Dr. P.V. Viswanath
Common Misconceptions in Finance
© P.V. Viswanath, 1999, 2000, 2005
Issuing equity dilutes earnings: This would be true if earnings did not increase, but the number of shares outstanding did. However, the issuance of equity would allow the company to buy assets, which would generate more earnings. Hence, it is not obvious that issuing equity per se would dilute earnings.
Consider the following related question. On November 2000, it was announced that Pepsi had made an offer for Quaker Oats. The deal that Pepsi offered was two Pepsi shares, for each share of Quaker. At the close of the previous day, Pepsi had been trading at $48, while Quaker was selling for $82.25. At the end of November, 2, Pepsi was off 94 cents, while Quaker was unchanged. The news reports at that time, even though they considered the acquisition desirable in terms of strategic fit had the following negative things to say:
Depending on the price and the potential for cost savings, the deal could hurt Pepsi's earnings, potentially upsetting Pepsi investors who have escaped the carnage of other consumer-products companies who have stumbled as a result of weak earnings or bad acquisitions. (Dow Jones Newswires -- November 2, 2000)
As of late last week, the stumbling block was price. Although Mr. Morrison (CEO, Quaker) sought a higher premium, Mr. Enrico (CEO of Pepsico) hesitated because he was concerned that the deal not only would dilute PepsiCo's earnings, but also drive the stock price down from $47 into the low-$40 range, news reports said. (Crain's Chicago Business, November 6, 2000).
In other words, the argument was that if Pepsi used equity to purchase Quaker Oats, that would cause its earnings per share to drop (i.e. be diluted), which the markets would not like.
Here is some information on the two companies:
Since the argument is that Pepsi would be negatively affected by the use of equity to acquire Quaker, i.e., the reason provided is not that Pepsi is overpaying for Quaker, let us make the neutral assumption that Pepsi is paying $12.956 billion for Quaker, i.e. the market value of Quaker's assets (estimated as in the table above). Then, using a share price of $48 (Nov. 1 closing) for Pepsi, it will have to issue 12.956/48 = 0.27 billion new shares. Now, let us look at the impact of the acquisition on Pepsi's earnings per share under two different assumptions: one, that they use debt to pay for Quaker, and two, that they use equity to pay for Quaker.
If Pepsi uses debt to pay for Quaker, there will be no increase in the number of shares outstanding. Total earnings will increase from $2.016 to 2.016 + 0.35 = $2.366b. Hence earnings per share will be $1.64. If Pepsi uses equity, the number of shares outstanding is 1.44 + 0.27 = 1.71 billion, as computed above. The earnings per share, then, will be 2.366/1.71 = $1.3837. It is clear, therefore, that earnings per share will be negatively affected by the use of equity for the acquisition.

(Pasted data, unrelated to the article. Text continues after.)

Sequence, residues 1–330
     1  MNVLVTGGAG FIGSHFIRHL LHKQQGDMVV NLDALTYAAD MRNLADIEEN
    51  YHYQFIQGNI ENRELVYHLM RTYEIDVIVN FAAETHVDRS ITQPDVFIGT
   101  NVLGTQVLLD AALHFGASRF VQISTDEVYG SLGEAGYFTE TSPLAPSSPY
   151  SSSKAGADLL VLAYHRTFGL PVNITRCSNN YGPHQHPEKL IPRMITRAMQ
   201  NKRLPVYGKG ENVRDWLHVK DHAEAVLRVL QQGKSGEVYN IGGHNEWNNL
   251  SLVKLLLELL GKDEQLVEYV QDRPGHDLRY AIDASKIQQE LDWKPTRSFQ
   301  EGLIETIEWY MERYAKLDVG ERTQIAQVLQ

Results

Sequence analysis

However, if Pepsi paid market value for Quaker Oats, i.e., fair value, the acquisition is, essentially, a zero net present value project. Hence, almost by definition, there should be no impact on Pepsi's price. In other words, the dilution of Pepsi's earnings is a red herring, as long as it pays no more than a fair price for Quaker.
Payment of dividends is always bad for bondholders: Paying dividends keeps stockholders happy, which raises the value of the entire firm; it does not hurt bondholder interests, when it is expected and built into the price paid by bondholders. Furthermore, keeping overly high levels of free cash on hand could mean bad operating decisions by managers, which could affect the health of the entire firm.
Payment of dividends is always good for stockholders: Payment of excessive dividends could mean that the firm is without sufficient ready cash to meet current operating needs and/or investment in positive NPV projects. It may, therefore, have to resort to costly external financing, which might reduce the net present value of the investment project to zero, or, at the very least, would put a dent in earnings.
The Fed sets Interest Rates: The Fed sets targets for the Fed Funds rate. The Fed Funds rate, which represents the rate at which Fed Reserve banks lend to each other is obviously influenced by the Fed's target rate. If the Fed Funds rate rose much higher than the Fed's target, the Fed could inject more funds into the system. This would presumably reduce (nominal) interest rates in the short run. However, even if the Fed does control access to dollars (money), it does not have access to unlimited real resources. Consequently, the Fed ultimately has much more limited ability to affect real interest rates, except to the extent that it can affect demand for and supply of real resources. And to the extent that it cannot affect real interest rates in the long run, it cannot affect nominal rates in the long run, either, since the nominal rate is simply the real rate plus the rate of inflation. Read the following article for one point of view. (There's Nothing to Fear From a Rate Hike by James Surowiecki, posted June 15, 1999 at Moneybox at Slate.)